4. Disney Cruise Line
I believe the saying is, go hard or go home? When Disney first took to the seas in 1998, they did so in mind-blowing extravagant fashion. As I talked about above, we boarded the Disney Magic in 2000 which was only two years old at the time. I’d been on the Big Red Boat as a child, back when it was affiliated with Disney, but the Magic was double the size and I was finally old enough to appreciate what a truly carefree experience cruising can be. Disney’s latest pride and joy boasted massive size (it easily doubled the BRB) and had creativity oozing out the Mickey-shaped ears. From the moment you step on board, you’re plunged into a family-friendly atmosphere that automatically puts your mind at ease. You’ve entered your floating home-away-from-home.
A nice Disney touch that no other cruise line does? You’re personally welcomed, no, announced. I can still recall our cast member’s accent as she smiled into her microphone: “Say hello to the Tupper family from New Jer-see! Welcome aboard!” The décor of the ships combines art deco with classic characters; I lost track of the number of “Hidden Mickeys” I found. It combines all the imagination of any other Disney experience, but with all the wonderful experiences of cruising. I remember quite vividly that, during our night docked in the Bahamas, we were the only ship shooting fireworks into the sky as a raucous deck party raged on. You’re not just left to our own devices while aboard a Disney ship; they want you to have the most fun possible. The pools were shaped like Mickey’s head. Their private island, Castaway Cay (right) was an absolute oasis. The foghorn blasted “A Dream Is A Wish Your Heart Makes,” for crying out loud. Since 2000, I’ve been on four other cruises (and I’m about to enjoy my seventh total in just a week or so), but Disney is still my favorite. Now, with two new additions to the fleet (Dream and Fantasy) that are double the size of the Magic and Wonder (!), I know that another Disney cruise positively must be in my future.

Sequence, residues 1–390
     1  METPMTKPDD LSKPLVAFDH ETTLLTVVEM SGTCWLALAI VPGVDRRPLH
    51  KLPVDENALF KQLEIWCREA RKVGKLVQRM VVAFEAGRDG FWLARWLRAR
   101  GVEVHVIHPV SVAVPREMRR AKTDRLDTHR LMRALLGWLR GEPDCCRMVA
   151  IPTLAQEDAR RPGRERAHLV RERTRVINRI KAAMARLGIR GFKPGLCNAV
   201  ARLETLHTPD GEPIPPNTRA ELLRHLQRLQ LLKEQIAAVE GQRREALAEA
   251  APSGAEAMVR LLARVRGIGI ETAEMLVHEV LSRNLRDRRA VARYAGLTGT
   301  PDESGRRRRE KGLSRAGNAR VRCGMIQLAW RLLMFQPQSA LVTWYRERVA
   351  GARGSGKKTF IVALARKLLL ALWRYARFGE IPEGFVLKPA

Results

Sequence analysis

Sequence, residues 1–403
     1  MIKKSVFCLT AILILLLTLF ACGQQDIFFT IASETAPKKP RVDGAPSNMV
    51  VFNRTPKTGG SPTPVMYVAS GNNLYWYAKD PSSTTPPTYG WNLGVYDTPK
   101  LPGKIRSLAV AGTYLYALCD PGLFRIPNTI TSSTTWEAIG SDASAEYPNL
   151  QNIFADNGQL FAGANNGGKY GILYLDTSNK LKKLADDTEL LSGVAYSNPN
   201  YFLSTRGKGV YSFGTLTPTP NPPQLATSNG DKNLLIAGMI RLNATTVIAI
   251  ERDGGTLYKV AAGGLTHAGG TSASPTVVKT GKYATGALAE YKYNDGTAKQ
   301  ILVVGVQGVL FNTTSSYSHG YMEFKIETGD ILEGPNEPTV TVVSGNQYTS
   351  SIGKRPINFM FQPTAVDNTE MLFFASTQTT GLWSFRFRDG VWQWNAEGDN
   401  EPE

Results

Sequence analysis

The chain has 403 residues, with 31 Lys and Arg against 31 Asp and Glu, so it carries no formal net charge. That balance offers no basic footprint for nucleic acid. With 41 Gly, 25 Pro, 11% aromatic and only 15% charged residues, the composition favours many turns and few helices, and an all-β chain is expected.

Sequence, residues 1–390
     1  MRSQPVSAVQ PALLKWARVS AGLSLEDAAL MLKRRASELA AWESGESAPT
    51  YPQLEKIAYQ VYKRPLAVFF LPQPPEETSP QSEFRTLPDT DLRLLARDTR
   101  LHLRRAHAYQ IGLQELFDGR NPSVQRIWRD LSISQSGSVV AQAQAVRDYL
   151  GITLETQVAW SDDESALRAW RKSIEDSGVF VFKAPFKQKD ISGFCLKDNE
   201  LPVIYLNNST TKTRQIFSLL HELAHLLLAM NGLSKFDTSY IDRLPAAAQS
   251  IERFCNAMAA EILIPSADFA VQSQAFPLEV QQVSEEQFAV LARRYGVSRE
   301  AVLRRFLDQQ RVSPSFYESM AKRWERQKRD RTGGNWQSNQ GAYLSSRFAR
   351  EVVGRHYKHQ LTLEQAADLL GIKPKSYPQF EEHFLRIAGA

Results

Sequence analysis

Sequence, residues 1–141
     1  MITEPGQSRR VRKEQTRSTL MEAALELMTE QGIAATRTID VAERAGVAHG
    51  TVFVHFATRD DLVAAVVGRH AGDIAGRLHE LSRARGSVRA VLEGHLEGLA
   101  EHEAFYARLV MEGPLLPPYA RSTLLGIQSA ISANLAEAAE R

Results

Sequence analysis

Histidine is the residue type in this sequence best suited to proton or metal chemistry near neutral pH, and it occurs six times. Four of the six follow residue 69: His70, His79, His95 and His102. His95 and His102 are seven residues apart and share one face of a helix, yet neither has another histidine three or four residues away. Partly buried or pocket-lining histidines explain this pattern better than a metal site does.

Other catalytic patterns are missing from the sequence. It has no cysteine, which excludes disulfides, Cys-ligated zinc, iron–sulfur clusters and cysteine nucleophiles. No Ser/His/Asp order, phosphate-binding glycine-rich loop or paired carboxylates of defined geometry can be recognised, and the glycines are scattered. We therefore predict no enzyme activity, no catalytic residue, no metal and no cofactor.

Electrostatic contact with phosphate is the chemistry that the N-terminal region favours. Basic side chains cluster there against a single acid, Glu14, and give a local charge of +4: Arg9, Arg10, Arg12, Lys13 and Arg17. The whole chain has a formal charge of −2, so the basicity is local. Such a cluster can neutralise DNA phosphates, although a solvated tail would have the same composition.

5. Disney Flair
When you step into a Disney restaurant, store, theme park, or cruise ship, you know beyond a shadow of a doubt that you’ve entered a magical place. Disney is a company that prides itself on finesse and attention to the finest detail. Their proclivity for fanfare makes even the most monotonous of experiences pop. I witnessed this firsthand in 2011 during my internship for Endless Vacation magazine/Story Worldwide in Manhattan. I was sent to a Disney Cruise Line press announcement in Chelsea. I rubbed elbows with fellow journalists, dined on watermelon goat cheese gateau (right), and watched with barely veiled enthusiasm as Captain Mickey and DCL’s President announced their new home port of New York City. My editor had rolled her eyes when she handed me the invitation, but I loved it. The tables were marked not by number but by nautical character (Nemo, Flounder, etc). Glitter and streamers exploded above the stage as the banners dropped. My eyes were probably as big as dancing dinner plates when I saw all the new innovations coming to the cruise line, which was expected given the incredible time I had in 2000, as mentioned above. (And yeah, I got my picture taken with Captain Mickey. What of it.) There was no fraction of the event left untouched by a little sprinkle of pixie dust and I had to shake my head at how surprised I wasn’t—after all, the devotion to creating such a charming experience is what makes Disney so magical.